In honor of the new year I want to encourage everyone out there to take control of their finances and save, save, save! One of the easiest and fastest ways to immediately boost your savings is to cut your food budget. When people ask me for my number one frugal tip that’s what I tell them, and they mostly don’t believe me.
I think this dynamic happens for 4 different reasons:
- People don’t think $5 here or $10 there makes much of a difference.
- People massively underestimate how much they spend on takeout because they don’t actually look at their monthly spending.
- Cooking every day and packing lunch seems impossible.
- People don’t believe there is a big difference between the cost of takeout food and the cost of home prepared food. (Of course, if there wasn’t a huge food markup restaurants wouldn’t turn a profit.)
Restaurant food makes up about 47% of the average American’s diet. In New York City where we live it’s even higher. Here 58% of people’s meals consist of takeout/restaurant food. In this article there’s an interesting breakdown of how much people in different New York neighborhoods spend on takeout each month. Even in average neighborhoods like Astoria ($233), Jackson Heights ($194), and Greenpoint ($200-$265) people are spending thousands a year on takeout. Keep in mind that this is only for takeout; this doesn’t cover meals eaten in restaurants, cafes, fast food establishments, bodegas, etc. These numbers also consider things like store bought frozen pizza and microwave meals “cooking at home”.
Like it or not here’s the truth:
- The average American family makes around $50k a year take home pay.
- Most Americans are eating out regularly.
- If it were possible to eat out regularly, like most Americans do, and save lots of money at the same time people would be doing exactly that.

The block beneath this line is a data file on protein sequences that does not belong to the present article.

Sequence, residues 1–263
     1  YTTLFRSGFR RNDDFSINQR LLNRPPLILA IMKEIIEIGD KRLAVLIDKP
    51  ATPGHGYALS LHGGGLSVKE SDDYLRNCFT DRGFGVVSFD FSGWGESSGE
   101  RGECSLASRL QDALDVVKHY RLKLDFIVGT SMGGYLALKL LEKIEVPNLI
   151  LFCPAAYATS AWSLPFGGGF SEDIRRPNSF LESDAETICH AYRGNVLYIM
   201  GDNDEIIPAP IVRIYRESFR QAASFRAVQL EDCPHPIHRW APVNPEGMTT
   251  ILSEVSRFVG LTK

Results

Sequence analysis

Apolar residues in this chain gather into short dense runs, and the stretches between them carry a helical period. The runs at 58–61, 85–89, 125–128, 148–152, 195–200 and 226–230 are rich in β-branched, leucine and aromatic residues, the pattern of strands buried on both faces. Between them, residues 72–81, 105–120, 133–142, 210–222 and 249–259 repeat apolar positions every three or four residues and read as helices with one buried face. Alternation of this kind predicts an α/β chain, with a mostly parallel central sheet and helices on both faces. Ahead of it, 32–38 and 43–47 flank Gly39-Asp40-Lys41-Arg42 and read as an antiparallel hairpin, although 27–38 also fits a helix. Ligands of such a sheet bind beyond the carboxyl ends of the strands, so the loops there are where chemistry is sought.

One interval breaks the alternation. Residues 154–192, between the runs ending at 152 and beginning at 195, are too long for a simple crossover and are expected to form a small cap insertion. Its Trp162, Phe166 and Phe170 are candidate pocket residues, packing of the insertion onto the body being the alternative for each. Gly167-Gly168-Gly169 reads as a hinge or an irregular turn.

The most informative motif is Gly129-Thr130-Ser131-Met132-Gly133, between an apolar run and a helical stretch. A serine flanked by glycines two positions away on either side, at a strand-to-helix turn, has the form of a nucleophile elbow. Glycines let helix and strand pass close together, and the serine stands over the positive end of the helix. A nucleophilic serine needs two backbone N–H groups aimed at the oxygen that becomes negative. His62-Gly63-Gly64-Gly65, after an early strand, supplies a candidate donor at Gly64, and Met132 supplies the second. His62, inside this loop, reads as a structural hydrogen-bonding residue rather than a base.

- And they aren’t: 76% of Americans are living paycheck to paycheck with less than 6 months of living expenses saved.
I’m not saying eating out is the only reason people can’t save money, but you have to start somewhere and food budgets are highly malleable! If you’re like a lot of people and you don’t think food is a problematic spending area for you just do an easy monthly review to humor me! If you’re right you’ll be validated and if you’re wrong you can start fixing it.
Begin by monitoring your food spending for an entire month. Just shop, eat, and spend like you usually do! Divide your mini audit into two categories: restaurant food and grocery store food. Just to be clear when I say “restaurant food” I mean coffee, fast food, smoothies, bodega sandwiches, dinners out, delivery, etc. I mean anything you didn’t make yourself at home or get for free.
At the end of the month you should know exactly how much you spend on restaurant food and grocery store food every month. From there you can calculate how much you spend in each category over the course of a year, and how much you spend on food total in a year. Check out that number and think carefully about how much that will add up to in 5, 10, or 15 years.
Wouldn’t it be nice to have more money to save, put towards debt, use to buy a house, move to a nicer neighborhood, invest, or even travel? Learning to budget, grocery shop, and cook can do all of that for you! The fella and I spend $200 a month on groceries in New York City and we rarely eat out. We make less than the average American family does and we still manage to save over 40% of our income. The average American family saves less than 5%. Think about that!
You don’t have to become a gourmet chef or extreme coupon clipper overnight to save serious money. The first step is to simply stop eating out all the time! Pack simple sandwiches and salads for lunch, make coffee at home, cook dinner at home. Start small. Gradually you’ll learn to cook from scratch more, shop sales, meal plan, bulk shop, and budget like a total boss!